Having completed recording, Bic hooked up with Matt Wallace (Faith No More, John Hiatt) and went to Los Angeles, where Wallace mixed the album. Bic then returned to New Zealand and delivered DRIVE to Sony. The album entered the New Zealand charts at #1, where it remained for a month, and by the end of 1997, DRIVE had been a fixture in the Top 10 for 20 consecutive weeks. Bic has ensured the album's success by touring, fronting the band she assembled to interpret her music in an acclaimed live setting; Bic's live performances with her band are intense and mesmerising.

One of the album's hallmarks is its uncluttered, spacious quality. "If you've got a good song, you're halfway there," Bic reasons. "you don't need to crowd it with much else." On DRIVE, restraint yields radiance, simplicity equals style and Bic Runga redefines the term DIY. "Whether people like the album or not doesn't worry me because I've made myself happy with it," she says. "It's actually reassuring to know that it's all on my head."

On her head, via her soul, from her heart, DRIVE is going places and Bic Runga is at the wheel.

Bic Runga is a rare kind of artist.

In an age of increasing musical specialisation, it is rare to find a woman who not only writes, sings and plays but also produces her debut album. Rarer still when that artist is only twenty-one years old. Hailing from Christchurch, New Zealand, Bic grew up in a family where music and art were positively encouraged. ("Stupid hippie things that don't make money", she says with a laugh.) Her mother had been a lounge singer in Malaysian night-clubs in the '60s; her father and two older sisters also played and sang. Drums were eleven year old Bic's first passion; by her mid-teens she was singing with jazz groups. At school she toyed with ambitions of becoming a poet but, after taking up guitar and keyboards, channelled her muse into writing her own songs. Bic moved to Auckland in 1994 to pursue a recording career, and spent a year writing, performing and building a reputation with her powerful solo live shows.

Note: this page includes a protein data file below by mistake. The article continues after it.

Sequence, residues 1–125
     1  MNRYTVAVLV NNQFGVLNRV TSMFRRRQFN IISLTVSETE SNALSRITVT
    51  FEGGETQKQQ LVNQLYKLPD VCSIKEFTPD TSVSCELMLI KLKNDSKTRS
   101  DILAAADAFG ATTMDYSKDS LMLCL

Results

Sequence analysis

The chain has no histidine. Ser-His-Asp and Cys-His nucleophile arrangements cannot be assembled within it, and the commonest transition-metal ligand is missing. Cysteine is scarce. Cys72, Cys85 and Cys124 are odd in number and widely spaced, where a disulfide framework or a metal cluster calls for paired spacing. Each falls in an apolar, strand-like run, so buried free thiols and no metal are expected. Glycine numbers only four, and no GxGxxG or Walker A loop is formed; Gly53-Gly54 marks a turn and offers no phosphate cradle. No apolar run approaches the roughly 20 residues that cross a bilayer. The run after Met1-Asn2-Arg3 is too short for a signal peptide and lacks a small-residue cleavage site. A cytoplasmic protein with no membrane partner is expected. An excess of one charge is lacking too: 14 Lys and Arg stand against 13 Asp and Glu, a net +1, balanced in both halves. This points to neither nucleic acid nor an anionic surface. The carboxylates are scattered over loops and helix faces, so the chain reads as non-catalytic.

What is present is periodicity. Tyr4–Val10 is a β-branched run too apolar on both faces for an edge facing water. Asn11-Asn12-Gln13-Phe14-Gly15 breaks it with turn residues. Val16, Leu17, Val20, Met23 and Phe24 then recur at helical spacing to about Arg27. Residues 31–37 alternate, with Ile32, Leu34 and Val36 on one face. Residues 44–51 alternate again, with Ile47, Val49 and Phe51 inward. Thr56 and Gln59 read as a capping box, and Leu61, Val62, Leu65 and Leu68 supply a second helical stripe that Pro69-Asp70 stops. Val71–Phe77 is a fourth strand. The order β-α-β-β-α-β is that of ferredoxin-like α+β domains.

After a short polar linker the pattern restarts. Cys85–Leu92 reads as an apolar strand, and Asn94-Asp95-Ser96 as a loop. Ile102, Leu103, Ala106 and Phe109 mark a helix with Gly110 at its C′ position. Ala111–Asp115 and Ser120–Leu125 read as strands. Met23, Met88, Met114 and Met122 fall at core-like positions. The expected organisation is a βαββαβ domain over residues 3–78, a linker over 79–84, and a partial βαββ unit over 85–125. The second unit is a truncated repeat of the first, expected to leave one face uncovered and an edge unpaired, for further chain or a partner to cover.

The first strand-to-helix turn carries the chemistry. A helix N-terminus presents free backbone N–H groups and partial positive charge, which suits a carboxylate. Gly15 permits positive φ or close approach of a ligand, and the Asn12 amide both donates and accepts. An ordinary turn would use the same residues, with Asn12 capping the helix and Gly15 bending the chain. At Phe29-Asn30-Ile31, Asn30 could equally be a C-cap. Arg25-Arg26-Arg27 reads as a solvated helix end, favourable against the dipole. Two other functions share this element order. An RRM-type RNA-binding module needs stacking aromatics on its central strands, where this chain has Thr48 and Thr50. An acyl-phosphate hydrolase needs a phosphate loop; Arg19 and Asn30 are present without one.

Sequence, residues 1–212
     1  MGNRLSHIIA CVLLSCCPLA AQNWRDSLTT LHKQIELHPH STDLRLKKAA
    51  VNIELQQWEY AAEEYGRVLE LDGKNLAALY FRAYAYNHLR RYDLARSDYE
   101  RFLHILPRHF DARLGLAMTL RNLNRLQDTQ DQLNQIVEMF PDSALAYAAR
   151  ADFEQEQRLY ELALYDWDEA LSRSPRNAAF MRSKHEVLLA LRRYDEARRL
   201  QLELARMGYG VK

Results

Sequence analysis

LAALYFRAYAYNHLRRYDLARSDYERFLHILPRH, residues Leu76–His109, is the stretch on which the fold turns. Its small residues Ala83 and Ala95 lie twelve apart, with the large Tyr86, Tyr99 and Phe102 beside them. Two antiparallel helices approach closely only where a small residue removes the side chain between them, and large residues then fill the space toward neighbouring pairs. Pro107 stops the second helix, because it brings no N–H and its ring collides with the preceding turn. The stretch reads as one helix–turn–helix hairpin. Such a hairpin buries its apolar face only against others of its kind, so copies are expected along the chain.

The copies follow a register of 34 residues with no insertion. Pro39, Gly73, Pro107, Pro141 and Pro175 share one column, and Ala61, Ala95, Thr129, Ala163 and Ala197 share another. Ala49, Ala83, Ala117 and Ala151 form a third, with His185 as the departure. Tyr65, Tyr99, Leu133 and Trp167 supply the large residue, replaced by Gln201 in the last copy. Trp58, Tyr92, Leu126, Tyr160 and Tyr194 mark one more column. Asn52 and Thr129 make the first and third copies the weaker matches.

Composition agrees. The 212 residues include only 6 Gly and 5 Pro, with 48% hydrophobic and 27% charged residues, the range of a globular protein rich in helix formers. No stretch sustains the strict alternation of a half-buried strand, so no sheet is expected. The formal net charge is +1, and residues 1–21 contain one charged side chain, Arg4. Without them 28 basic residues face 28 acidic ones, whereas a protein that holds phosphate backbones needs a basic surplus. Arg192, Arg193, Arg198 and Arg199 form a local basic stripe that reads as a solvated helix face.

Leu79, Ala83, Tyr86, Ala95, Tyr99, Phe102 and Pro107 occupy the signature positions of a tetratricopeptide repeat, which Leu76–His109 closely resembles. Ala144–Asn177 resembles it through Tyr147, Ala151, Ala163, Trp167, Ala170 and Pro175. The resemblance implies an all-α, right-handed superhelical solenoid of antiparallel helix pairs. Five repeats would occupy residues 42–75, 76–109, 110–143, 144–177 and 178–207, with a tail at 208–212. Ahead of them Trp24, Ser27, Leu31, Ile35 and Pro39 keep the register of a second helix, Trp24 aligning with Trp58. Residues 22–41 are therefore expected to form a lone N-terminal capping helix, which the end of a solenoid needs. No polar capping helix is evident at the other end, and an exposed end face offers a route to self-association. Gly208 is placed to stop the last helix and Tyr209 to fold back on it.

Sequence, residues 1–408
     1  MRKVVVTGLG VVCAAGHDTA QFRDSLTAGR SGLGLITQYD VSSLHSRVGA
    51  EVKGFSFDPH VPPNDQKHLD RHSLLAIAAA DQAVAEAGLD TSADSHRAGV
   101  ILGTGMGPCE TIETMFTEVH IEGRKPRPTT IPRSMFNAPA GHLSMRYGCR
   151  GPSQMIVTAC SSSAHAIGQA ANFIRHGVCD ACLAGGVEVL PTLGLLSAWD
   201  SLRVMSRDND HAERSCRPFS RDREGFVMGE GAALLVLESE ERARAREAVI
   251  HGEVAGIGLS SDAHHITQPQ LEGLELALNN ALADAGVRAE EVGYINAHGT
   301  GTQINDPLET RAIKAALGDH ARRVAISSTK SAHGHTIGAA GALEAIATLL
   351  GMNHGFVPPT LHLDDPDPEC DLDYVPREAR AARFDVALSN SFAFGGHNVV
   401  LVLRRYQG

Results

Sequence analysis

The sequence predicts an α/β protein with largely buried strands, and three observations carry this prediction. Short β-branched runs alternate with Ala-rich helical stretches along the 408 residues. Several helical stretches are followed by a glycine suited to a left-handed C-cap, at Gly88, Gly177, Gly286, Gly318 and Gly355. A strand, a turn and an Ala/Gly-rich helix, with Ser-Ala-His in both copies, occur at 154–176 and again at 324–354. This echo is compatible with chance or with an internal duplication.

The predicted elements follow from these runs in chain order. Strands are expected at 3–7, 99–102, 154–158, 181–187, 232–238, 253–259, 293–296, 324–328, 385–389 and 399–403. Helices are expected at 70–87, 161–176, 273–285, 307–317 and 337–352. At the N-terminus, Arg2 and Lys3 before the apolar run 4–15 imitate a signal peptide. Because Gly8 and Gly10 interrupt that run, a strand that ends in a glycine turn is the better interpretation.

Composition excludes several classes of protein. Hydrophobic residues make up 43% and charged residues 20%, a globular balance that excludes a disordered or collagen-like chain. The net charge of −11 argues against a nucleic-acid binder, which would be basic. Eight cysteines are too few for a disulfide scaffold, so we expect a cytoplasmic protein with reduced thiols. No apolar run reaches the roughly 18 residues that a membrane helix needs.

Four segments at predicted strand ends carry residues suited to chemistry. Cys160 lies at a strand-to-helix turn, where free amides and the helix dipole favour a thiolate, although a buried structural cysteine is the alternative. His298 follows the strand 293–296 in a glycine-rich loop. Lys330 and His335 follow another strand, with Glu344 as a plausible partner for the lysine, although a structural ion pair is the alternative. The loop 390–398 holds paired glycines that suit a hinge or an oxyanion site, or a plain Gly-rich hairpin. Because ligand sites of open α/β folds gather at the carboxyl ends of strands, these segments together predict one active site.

In September 1995, aged nineteen, Bic signed as a recording artist with Sony Music New Zealand and in December that year Sony released her first single, the hauntingly beautiful "Drive". The song charted top ten in the national chart sales and won her the prestigious 1996 Silver Scroll, an award for excellence in song writing previously held by such celebrated New Zealand songwriters as Shona Laing, Dave Dobbyn and Strawpeople. Throughout 1996, Bic performed nationally, heading her own shows as well as sharing stages with such legendary New Zealand names as Crowded House's Neil Finn and his brother Tim.

Bic's second single, "Bursting Through" was released in September 1996 and went top twenty, A third top ten single, "Sway" followed in May 1997. By this time Bic was already focused on her next milestone; the making of her debut album, "Drive."

Bic was determined that to realise the sounds she heard in her head, she must have control of the album's production. "If the job had been given to someone else I would have spent the whole time stressing about it", she says.

In the pre-production stages, Bic had the invaluable assistance of legendary producer and A&R man Peter Asher (James Taylor, Linda Ronstadt, Bonnie Raitt), who expressed an eagerness to be involved after hearing her demos. He helped Bic choose which of her songs to record (from a shortlist of 21), and gave expert advice on the arrangements.